Negotiations on the budget ended in a plan that makes deep cuts and sweeping changes in state spending.
But these budget changes ended up being too controversial:
- The state history museums in Tacoma, Spokane and Olympia will remain open on a reduced schedule. They were preserved in part through a transfer of money that will likely delay construction of a state Heritage Center on the Capitol Campus.
- Prisoners will not be released early as called for in both House and Senate budgets.
- While employees will be furloughed, higher paid state workers making $50,000 or more won’t be subject to extra furloughs.
- Businesses and local governments won’t be asked to take over more of the costs of the environmental permits they need to harvest trees, build bridges and roads and irrigate farms.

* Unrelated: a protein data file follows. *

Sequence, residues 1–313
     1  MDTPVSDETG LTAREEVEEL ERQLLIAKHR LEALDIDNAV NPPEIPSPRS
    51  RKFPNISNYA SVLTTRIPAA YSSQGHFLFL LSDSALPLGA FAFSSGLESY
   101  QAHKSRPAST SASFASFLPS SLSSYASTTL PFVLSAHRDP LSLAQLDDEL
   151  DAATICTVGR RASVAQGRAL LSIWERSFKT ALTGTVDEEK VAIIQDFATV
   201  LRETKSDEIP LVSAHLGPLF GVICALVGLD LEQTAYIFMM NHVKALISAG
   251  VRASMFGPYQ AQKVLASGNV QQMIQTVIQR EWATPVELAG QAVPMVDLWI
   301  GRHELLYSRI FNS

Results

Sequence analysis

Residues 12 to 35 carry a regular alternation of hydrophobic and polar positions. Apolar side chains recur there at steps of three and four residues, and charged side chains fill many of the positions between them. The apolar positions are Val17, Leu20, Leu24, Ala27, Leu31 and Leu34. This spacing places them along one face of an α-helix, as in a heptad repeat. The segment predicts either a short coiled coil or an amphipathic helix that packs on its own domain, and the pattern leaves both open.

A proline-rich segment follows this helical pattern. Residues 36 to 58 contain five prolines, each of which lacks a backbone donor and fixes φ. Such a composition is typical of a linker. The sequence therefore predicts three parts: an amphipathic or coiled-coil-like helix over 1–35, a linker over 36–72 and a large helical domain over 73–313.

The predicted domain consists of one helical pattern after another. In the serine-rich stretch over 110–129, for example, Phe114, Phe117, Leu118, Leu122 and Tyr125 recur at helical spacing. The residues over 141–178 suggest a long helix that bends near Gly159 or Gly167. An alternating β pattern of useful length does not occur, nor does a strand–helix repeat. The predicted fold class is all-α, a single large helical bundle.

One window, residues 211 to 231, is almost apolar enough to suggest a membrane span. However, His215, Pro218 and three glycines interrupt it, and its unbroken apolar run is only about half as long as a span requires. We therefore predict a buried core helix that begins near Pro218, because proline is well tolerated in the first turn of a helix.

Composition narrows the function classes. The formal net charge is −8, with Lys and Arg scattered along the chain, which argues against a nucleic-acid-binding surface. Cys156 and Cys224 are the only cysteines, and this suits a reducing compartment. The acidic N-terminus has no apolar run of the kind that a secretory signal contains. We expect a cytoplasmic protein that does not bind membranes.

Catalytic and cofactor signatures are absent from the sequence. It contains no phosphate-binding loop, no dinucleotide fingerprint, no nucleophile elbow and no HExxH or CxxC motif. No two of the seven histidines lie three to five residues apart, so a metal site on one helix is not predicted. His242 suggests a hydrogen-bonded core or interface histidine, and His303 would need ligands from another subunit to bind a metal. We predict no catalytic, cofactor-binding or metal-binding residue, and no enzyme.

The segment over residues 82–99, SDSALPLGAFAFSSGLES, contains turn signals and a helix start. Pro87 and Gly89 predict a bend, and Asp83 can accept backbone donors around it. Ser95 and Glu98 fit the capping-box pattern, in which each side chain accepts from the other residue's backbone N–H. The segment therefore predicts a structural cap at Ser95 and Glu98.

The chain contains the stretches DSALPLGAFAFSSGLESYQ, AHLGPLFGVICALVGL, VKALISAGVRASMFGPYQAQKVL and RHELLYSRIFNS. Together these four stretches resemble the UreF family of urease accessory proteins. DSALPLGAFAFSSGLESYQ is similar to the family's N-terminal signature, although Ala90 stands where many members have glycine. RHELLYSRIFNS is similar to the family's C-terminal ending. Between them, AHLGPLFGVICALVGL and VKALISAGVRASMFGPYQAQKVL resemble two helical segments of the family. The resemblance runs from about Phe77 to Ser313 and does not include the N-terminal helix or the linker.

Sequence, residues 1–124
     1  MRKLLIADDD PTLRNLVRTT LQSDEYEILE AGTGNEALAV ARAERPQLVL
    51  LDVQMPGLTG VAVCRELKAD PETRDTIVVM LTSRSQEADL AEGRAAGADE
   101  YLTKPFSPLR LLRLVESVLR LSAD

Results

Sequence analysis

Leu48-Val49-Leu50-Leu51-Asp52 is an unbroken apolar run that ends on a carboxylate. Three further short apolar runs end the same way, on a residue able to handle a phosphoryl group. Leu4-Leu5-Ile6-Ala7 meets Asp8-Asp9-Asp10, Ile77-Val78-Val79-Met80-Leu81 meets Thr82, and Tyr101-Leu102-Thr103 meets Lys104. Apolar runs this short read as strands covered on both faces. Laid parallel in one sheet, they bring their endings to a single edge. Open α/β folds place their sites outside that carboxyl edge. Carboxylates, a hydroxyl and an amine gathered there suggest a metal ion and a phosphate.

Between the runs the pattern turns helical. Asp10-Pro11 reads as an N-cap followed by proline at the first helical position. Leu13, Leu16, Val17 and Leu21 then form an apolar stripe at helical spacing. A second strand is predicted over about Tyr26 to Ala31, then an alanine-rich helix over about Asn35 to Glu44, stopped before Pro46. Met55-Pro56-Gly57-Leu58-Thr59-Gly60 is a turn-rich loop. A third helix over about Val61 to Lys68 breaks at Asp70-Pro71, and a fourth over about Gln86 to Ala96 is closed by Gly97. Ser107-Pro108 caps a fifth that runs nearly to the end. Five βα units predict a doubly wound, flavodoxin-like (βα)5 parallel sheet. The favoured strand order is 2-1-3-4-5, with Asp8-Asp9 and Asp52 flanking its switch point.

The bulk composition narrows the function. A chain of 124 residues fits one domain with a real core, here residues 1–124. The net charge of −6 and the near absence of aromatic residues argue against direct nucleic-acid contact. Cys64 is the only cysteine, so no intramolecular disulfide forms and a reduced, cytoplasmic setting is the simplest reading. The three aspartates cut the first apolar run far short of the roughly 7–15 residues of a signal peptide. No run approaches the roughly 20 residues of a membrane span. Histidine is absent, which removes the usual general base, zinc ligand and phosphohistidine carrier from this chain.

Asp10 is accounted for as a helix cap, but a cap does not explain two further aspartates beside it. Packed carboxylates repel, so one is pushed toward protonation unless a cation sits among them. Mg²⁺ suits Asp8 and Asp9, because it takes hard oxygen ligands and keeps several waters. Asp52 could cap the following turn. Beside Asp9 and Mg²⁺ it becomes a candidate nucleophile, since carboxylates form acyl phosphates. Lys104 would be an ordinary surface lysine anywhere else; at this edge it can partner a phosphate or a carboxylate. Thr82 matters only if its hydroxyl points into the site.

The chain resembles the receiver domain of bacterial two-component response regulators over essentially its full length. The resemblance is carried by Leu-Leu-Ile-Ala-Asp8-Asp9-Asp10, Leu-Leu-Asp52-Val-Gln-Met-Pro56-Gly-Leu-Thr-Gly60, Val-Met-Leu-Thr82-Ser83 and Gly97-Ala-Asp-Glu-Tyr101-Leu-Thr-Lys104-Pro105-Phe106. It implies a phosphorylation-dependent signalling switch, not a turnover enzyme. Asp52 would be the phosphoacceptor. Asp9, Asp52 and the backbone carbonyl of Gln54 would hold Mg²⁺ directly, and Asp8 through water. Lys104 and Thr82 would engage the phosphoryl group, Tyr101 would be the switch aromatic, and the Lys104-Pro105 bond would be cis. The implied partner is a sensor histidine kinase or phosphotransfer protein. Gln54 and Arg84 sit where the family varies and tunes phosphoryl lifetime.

- Departments, for the most part, won’t be rearranged. The proposal for a Department of Enterprise Services is the last major disagreement over the budget and still might survive. But Fish and Wildlife won’t be merged into a single agency with State Parks, and a single education agency to manage preschool through college won’t be created.
- Finally, it appears the two twin turboprop airplanes used by Gov. Chris Gregoire and state agencies won’t be sold off.